And that's more or less what we did. When we got back, after navigating carefully around sandbars and driftwood strainers, the sea had abandoned our cove. We dragged our boats over the wrack-strewn cobbles, then sat down on the trunk of an uprooted cedar to take in the scenery.

Time and tide wait for no one. I'd heard that old saw before, of course, but only now was I beginning to understand it. As a geologist, I'd thought I had a pretty good handle on time. And so I did—in one sense at least. I could certainly speak glibly about changes occurring over millions of years. I'd also acquired a rudimentary understanding of the earth's long history. I had only to look at the cliffs around us to know I was seeing a vagrant scion of European stock, marooned on the North American continent when the Atlantic Ocean divided Europe from America, more than 300 million years ago.

The tides were something else, though. I was at home among clashing continents. I could chart the ebb and flow of land masses with an easy familiarity. But the great slosh of the Atlantic that filled and emptied this cove twice each day was altogether alien. I knew the record of the rocks, to be sure, but I didn't know anything at all about the living sea. I knew something about the earth's skeleton, but I'd yet to learn its heart.

All this came to me much later, however. At the time, my attention was given over to simpler things. We ate our lunch, napped, and waited for the sea to return to our cove. (WE wait for the tide, I thought, and this commonplace realization took on the semblance of profundity.) The weak afternoon sun warmed the salt mud and seaweed, releasing an intoxicating stink that was equal parts new life and decay. A cow moose came to the edge of the creek we'd explored earlier, paused to study us, and then trotted across. She negotiated the steep banks with great care and delicacy, vanishing into a tangle of hemlocks. It was like a visitation from some great prehistoric beast.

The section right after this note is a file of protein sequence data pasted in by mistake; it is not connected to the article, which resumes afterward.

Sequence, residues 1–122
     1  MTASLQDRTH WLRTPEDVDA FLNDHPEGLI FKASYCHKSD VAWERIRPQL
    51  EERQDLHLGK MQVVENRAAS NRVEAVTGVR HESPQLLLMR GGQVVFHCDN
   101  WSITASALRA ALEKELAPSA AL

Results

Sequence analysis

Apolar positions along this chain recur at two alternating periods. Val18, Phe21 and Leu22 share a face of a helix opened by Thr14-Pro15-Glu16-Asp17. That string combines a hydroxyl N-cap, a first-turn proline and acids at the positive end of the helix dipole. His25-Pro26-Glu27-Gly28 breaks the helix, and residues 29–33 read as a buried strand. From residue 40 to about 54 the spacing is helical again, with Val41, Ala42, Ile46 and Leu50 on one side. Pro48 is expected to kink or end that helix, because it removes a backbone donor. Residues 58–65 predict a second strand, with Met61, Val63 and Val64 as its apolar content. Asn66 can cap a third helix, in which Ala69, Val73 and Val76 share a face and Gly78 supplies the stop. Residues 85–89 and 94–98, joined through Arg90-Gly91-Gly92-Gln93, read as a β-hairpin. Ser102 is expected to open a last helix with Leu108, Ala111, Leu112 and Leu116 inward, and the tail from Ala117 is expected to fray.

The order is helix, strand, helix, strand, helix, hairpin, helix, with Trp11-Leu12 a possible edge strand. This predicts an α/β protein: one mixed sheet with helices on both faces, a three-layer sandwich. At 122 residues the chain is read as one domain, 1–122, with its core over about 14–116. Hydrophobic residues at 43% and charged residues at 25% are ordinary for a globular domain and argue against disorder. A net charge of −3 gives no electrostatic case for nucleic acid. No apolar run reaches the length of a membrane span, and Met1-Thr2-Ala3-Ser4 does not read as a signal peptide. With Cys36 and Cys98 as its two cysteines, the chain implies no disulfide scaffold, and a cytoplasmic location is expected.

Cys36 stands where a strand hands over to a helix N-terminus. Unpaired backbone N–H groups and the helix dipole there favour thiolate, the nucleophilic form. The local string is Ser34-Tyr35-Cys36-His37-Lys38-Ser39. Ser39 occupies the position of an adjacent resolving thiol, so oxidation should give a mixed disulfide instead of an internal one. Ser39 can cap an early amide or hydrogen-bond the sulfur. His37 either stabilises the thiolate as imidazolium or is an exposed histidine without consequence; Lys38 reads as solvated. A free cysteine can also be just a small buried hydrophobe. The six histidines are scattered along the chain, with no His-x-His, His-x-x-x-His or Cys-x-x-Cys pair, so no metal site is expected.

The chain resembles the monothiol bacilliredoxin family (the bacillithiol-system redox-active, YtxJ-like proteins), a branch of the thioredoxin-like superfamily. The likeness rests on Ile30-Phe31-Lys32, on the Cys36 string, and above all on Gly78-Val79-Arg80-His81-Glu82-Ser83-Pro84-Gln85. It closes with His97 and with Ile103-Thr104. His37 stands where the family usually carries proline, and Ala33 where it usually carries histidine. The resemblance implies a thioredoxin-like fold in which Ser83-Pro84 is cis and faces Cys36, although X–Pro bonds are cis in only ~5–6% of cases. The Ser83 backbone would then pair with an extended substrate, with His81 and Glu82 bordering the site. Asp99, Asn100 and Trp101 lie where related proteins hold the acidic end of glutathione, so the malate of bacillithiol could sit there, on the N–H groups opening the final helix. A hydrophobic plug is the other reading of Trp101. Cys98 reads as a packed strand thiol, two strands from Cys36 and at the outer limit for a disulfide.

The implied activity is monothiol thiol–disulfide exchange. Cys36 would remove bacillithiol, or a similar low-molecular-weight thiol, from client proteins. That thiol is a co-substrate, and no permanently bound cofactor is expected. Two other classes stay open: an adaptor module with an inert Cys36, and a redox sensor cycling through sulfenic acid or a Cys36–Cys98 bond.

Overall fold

Hour by hour, throughout the afternoon, the Atlantic crept closer. At suppertime, we launched our boats again, paddling over the now-hidden mud-flats and cobbles. We were the only paddlers in the cove, but I soon realized we weren't alone. One after another, the faces of seals appeared above the surface of the sea. As we continued our brief circumnavigation, their heads swiveled to follow our progress. They watched us in silence, disappearing and reappearing, sometimes closer, sometimes farther away. The only sounds were the murmur of the low surf and the splash of our paddles.

A little later, as we hauled our boats out of the water in the deepening twilight and a thick sea fog rolled in from the south, the seals came close inshore. Once again, their eyes met mine. For a few minutes we looked at each other across the unbridgeable gulf between our two worlds. Then we went our separate ways. Farwell and I climbed up to our rented cabin, to the evening news and a late supper. The seals, still silent, followed the now-ebbing tide back out to the open sea. There was no question which of us was more at home.

Copyright 2002 by Verloren Hoop Productions. All rights reserved.